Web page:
By Saurav Rajbhandari

The everyday commute varies among individuals due to differences in the time required to reach the workplace, the means of transportation, and the condition of the physical infrastructure. All of these factors play a major role in determining the mental state of an individual.

In Nepal, there are limited options for transportation. It is easier if a person owns a vehicle and more difficult for commuters using public transportation. The public buses are crowded and stop at multiple places which aren’t assigned as bus stops. This makes riding a bus feel like it takes a lifetime, especially if one has to travel long distances. A way of avoiding buses would be to take a taxi, but they usually cost 10-15 times more than a bus ride, so taking a taxi for most people is a luxury and isn’t affordable for the long-term.

The state of a person’s mind once s/he has reached the office is influenced by the way they’ve traveled to work. It is most likely to have its effects during the early hours of the work day. The stress endured during a commute depends on several factors like commute variability, personality factor, and control factor. Let’s take an example. Individual A has to travel a certain distance each day to reach her work. “A” knows the exact time it takes to get there and the amount of traffic she has to face. Individual B has variable commute distances everyday, which is the exact opposite of what “A” has to face. Who do you think will be more vulnerable to stress?

According to the studies done by Koslowsky and his colleagues, Individual B is more prone to stress than “A” due to a simple psychological trick that our brain plays. “A” knows how much time and distance she has to travel during the day which makes her mentally prepared. But “B,” traveling in variable commutes, even though predictable, limits the cognitive ability to control the environment. Another moderator of stress depends upon the personal factor. The rushed feeling of pressure to reach work just in time also helps with the significant increase of stress. In my personal experience, as I have traveled to different places of Nepal and India, I’ve noticed variation in the road traffic. In Kathmandu where I live, roads are comparatively congested & traffic is dense than cities like Bardiya, Chitwan. I ride a motorcycle to work but there are different protective measures before I begin my journey. First I put on a mask, then the helmet and gloves. The roads are unpredictable most of the times. There are many places where roads are being widened to make room for increasing vehicles which means buildings close to the roads are being torn down. This has caused a severe problem of air pollution, and if by chance I forget my mask, it might probably lead to me being sick for a few days. Commuting is stressful sometimes, but I have gotten used to it and cannot imagine traveling on any of the public vehicles. I would rather walk the 11 kilometers to work.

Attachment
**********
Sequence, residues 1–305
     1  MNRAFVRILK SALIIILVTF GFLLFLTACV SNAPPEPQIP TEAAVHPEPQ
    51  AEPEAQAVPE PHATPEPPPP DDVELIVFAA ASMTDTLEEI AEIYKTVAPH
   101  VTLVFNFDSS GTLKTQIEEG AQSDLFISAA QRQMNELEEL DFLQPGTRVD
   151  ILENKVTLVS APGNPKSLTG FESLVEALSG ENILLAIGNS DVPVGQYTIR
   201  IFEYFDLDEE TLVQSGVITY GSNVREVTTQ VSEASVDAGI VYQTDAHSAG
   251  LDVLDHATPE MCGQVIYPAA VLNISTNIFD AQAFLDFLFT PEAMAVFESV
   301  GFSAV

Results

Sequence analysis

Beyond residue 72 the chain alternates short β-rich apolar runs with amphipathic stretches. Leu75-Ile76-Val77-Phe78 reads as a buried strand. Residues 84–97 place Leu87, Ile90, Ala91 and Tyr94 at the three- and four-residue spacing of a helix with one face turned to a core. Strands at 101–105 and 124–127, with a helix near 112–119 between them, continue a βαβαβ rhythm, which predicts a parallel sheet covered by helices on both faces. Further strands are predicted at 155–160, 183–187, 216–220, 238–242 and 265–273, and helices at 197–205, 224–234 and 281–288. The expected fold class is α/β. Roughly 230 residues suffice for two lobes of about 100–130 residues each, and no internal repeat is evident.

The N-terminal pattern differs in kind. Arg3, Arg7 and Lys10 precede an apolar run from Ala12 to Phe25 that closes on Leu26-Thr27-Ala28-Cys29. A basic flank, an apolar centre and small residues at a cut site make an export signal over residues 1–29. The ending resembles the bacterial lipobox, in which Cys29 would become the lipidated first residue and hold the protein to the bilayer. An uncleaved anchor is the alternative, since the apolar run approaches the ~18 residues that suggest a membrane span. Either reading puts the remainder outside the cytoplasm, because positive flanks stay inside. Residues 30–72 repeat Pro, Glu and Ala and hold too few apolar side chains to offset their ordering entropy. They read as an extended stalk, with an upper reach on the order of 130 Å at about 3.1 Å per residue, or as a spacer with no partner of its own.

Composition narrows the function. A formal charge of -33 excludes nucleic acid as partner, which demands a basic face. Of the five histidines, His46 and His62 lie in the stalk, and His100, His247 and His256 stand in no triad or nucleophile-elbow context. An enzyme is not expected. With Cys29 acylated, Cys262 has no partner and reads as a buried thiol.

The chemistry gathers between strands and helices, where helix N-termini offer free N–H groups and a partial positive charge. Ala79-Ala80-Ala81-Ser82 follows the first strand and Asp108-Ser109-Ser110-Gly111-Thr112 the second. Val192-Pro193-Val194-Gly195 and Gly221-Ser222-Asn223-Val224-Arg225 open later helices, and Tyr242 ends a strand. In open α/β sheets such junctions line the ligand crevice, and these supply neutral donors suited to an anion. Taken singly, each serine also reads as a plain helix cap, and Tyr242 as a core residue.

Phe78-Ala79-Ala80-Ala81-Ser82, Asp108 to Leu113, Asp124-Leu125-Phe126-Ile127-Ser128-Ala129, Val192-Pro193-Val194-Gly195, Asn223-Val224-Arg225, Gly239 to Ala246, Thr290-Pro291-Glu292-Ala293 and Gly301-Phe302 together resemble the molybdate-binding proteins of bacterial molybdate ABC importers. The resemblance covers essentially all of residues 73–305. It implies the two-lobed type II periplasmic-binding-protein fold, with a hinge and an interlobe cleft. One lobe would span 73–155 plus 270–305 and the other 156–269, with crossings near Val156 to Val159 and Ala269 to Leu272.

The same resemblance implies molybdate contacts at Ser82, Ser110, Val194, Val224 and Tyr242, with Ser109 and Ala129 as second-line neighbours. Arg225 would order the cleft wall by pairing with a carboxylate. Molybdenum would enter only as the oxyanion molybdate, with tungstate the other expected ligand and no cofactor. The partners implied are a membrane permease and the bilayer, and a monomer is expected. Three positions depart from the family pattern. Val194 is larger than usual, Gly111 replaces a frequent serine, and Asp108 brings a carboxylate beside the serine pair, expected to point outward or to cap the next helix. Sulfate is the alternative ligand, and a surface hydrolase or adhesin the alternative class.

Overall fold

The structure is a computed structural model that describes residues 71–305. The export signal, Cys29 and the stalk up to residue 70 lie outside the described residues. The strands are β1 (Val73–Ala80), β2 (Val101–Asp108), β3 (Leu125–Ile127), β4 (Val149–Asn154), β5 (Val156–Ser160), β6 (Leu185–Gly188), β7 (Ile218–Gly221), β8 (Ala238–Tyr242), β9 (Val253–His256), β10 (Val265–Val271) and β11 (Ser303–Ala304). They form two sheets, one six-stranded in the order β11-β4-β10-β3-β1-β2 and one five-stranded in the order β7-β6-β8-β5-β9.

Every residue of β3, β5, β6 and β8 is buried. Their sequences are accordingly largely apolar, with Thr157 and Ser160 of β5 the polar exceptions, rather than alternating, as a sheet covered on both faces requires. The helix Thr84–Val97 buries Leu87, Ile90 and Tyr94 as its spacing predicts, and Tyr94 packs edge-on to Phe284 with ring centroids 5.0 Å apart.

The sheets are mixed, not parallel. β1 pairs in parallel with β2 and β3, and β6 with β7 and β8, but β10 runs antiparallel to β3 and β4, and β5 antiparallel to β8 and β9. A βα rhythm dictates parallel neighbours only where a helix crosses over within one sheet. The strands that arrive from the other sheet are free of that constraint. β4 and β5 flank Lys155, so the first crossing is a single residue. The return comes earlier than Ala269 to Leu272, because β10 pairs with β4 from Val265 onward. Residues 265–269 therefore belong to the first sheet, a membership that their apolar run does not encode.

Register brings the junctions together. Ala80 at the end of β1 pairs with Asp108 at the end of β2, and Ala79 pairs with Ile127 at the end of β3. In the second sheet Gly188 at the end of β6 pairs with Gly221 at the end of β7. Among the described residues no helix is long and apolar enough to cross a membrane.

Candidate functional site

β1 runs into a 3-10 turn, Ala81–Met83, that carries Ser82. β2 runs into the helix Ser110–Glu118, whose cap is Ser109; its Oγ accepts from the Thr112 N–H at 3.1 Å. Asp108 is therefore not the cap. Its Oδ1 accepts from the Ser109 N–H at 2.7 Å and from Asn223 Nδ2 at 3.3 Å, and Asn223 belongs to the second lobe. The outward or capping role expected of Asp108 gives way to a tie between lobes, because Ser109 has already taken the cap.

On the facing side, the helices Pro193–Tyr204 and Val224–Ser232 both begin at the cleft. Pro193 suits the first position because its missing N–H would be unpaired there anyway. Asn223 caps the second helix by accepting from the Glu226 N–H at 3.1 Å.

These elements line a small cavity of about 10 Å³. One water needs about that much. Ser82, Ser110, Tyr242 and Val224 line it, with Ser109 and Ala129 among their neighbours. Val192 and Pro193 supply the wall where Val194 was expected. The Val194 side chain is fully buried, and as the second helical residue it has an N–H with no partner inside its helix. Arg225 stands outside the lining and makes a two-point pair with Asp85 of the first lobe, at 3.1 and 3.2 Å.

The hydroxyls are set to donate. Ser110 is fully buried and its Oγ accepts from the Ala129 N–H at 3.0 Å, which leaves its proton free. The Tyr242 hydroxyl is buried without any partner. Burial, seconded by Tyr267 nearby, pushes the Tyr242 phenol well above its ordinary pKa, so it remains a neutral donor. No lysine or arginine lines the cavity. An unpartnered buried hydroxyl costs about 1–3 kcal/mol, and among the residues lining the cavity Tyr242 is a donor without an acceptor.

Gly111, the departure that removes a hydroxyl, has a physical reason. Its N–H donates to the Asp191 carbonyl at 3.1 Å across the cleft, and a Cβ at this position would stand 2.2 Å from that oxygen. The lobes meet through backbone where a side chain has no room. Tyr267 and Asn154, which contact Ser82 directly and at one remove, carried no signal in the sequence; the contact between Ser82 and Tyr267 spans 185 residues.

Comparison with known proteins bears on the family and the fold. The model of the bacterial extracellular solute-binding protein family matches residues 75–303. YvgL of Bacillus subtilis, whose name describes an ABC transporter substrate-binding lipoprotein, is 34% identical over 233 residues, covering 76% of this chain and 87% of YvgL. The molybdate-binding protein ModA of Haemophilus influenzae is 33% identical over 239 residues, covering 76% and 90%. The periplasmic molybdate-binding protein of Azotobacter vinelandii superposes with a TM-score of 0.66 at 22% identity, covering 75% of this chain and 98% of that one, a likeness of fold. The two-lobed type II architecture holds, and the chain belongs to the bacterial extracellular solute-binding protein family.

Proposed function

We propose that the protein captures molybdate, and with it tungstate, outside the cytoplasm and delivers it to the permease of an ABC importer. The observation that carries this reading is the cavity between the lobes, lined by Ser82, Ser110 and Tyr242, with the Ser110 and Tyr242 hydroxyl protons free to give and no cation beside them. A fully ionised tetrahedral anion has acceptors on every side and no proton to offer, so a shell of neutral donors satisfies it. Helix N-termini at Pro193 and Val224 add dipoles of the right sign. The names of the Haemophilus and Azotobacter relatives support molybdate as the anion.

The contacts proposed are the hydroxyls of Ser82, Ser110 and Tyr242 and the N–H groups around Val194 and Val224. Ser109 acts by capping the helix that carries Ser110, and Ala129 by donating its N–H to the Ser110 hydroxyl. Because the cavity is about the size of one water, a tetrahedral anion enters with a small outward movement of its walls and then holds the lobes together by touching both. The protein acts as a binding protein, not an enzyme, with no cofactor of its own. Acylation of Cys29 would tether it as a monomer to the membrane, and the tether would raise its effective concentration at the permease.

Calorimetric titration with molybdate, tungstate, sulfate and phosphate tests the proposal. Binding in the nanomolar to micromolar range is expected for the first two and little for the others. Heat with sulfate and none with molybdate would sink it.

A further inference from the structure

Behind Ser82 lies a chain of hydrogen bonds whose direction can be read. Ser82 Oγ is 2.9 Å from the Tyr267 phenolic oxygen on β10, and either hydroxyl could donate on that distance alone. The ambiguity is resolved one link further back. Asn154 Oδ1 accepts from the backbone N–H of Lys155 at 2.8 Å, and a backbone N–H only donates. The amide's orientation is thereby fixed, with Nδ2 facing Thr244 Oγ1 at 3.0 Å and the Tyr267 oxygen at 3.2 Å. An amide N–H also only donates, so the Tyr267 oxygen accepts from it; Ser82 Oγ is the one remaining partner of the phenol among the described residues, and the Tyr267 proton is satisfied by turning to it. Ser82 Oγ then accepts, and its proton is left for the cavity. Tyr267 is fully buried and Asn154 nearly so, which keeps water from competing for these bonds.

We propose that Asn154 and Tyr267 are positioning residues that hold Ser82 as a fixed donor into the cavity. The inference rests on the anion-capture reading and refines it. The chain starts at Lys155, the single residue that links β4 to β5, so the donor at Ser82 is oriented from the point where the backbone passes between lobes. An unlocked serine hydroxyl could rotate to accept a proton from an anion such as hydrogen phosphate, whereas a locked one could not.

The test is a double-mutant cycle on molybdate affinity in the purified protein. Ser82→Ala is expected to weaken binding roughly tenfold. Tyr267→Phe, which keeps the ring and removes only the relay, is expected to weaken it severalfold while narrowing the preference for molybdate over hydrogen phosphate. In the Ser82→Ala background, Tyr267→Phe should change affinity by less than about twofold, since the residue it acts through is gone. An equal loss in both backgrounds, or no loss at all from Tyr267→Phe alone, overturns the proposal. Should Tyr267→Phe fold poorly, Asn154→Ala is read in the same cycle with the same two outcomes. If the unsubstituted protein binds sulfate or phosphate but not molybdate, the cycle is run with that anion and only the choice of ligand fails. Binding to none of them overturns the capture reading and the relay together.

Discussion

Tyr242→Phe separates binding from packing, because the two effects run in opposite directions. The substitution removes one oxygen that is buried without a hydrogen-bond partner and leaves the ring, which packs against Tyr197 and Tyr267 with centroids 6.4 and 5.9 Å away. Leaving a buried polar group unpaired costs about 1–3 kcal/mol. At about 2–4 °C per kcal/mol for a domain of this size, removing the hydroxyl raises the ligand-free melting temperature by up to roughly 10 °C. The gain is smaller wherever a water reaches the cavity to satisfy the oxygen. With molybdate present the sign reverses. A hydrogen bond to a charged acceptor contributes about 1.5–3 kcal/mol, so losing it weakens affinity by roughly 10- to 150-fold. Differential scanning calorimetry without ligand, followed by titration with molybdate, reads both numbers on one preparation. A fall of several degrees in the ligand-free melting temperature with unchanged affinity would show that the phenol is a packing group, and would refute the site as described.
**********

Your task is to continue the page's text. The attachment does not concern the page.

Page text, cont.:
According to research done by Thomas James Christian of Brown University the length of the workday doesn’t matter, but the amount of time spent commuting makes all the difference. Take a worker with a negligible commute and a 12-hour workday and then take a worker with an hour long commute and a 10-hour workday. The former will have healthier habits than the latter, even though total time spent on the relatively stressful, unpleasant tasks is equal. The commute stress also has its gender inclinations. Novaco at al (1991) found that female commuters were at greater risk of being negatively affected by the stress factors. The stress endured during the commute can lead to several effects on health, family, and work organizations. It can manifest itself in work absences and lower productivity. But as human beings we have a set of adaptation and coping mechanisms which has got us through the times. The first minor step, according to the research paper, would be behavior adaptation, where the drivers and the commuters adjust in the transportation environment, whether that be in their overall commuting scheme, roadway or transit conditions, vehicle conditions, or changes in skill level or state of functioning in order to enhance their well-being.

Everyone has their way of dealing with stress. I’ve tried driving with earphones on but it creates a distraction. Traveling with a companion in public vehicles might help reduce the stress. I’ve learned through years of travel in public buses and my motorbike that maintaining patience while traveling is most important. Companies should focus on stress caused during commuting as it is related to employee’s job satisfaction which may lead to higher productivity and growth of an employee if the matter is properly dealt with.